The Royal Bank of Canada (RBC) has released its results for the first quarter of 2024, ended Jan. 31.

The comparison with the 2023 figures for wealth management and insurance is complicated by the adjustments required by IFRS accounting standards.

In Wealth Management, net income available to common shareholders totalled $595 million in the first quarter, compared with the $818 million reported at the same date a year earlier.

Net income for this segment was down 27 per cent over the period, with more than half of the difference attributable to a special assessment of $115 million (after tax) imposed by the Federal Deposit Insurance Corporation (FDIC). 

Revenues from the Wealth Management segment reached $4.5 billion in the first quarter, down 1 per cent over the same quarter last year.


For its insurance segment, RBC has integrated IFRS version 17, which modifies the previous year's results.

Net income attributable to common shareholders reached $219 million in the first quarter of 2024, compared with $147 million for the same period in 2023. 

Insurance revenues totaled $363 million in the first quarter of 2024, compared with $154 million in the same quarter last year. This is an increase of 136 per cent.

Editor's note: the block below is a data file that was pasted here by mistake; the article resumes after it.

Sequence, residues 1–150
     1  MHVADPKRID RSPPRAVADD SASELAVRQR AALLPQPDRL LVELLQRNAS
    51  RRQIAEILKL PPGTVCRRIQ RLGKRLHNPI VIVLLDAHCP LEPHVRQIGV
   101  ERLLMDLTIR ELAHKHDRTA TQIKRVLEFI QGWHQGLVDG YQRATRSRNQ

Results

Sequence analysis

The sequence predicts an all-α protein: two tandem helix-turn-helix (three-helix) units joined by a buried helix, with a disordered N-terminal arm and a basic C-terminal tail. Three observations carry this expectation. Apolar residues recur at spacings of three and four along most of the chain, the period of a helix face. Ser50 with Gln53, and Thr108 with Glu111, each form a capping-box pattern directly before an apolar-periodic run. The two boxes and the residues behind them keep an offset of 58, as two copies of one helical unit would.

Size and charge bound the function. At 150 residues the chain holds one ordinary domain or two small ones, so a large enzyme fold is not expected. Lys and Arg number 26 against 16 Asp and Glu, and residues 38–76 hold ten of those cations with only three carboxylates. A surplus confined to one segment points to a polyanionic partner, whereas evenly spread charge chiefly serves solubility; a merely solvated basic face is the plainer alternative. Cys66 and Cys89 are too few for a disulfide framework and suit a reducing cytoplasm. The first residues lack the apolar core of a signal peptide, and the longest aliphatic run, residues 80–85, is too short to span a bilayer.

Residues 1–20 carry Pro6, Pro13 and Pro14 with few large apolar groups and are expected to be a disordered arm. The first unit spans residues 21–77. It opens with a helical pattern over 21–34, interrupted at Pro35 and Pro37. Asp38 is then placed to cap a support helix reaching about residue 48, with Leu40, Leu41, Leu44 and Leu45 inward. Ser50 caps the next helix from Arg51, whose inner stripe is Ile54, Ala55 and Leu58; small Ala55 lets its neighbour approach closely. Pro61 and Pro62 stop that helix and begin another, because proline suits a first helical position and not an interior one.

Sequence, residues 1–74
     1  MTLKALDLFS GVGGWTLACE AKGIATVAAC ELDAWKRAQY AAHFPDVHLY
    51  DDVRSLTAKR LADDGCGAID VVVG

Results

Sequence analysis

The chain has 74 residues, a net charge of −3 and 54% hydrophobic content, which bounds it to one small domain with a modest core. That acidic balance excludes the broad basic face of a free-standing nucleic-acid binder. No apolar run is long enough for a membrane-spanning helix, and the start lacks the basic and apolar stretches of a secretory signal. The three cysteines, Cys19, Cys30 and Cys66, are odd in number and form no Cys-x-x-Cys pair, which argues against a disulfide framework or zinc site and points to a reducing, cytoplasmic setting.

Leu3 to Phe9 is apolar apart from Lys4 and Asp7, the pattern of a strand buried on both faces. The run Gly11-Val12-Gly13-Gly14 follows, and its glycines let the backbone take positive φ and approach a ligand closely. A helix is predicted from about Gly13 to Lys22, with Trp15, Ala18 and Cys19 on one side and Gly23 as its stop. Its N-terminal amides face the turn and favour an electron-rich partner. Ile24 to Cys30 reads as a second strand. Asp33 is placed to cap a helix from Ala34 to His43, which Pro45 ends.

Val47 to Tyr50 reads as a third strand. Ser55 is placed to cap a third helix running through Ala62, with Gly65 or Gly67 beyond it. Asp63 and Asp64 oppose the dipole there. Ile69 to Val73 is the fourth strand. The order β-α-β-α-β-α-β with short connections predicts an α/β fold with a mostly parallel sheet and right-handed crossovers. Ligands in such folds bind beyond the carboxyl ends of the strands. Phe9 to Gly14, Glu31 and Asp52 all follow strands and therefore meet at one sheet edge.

Premiums and deposits  

Premiums and deposits from insurance operations amounted to $1.3 billion in the first quarter of 2024, an increase of $107 million, or 9 per cent, over the same period in 2023. 

However, the company no longer provides a breakdown of premiums and deposits for its Canadian and international insurance activities, nor a breakdown of insurance income for its two markets. Nor does it disclose net earned premiums.

The Group  

For the first quarter of its fiscal year, RBC reported net income attributable to common shareholders of $3.6 billion. This represents an increase of 14 per cent compared to the first quarter of 2023.

Dave McKay, President and CEO of RBC, stated that the results demonstrate that the bank has “the right strategy in place.” He points to the imminent closing of the planned acquisition of HSBC Canada, scheduled for March 28.

The federal Minister of Finance, as well as Canada's Competition Bureau have given their approval to the transaction, which had an estimated value of $13.5 billion at the time of acquisition.

An overview of the transaction's impact on RBC's business should be provided in the results following the end of the next quarter, ending April 30, 2024. Mr. MacKay estimates that synergy-driven expense reductions will total $740 million, of which 20 per cent will be realized in 2024. 

As was the case for the other Canadian banks, the provision for credit losses rose by $281 million, or 53 per cent, year-on-year, to $813 million. The increase particularly applies to the Personal and Commercial Banking and Capital Markets segments.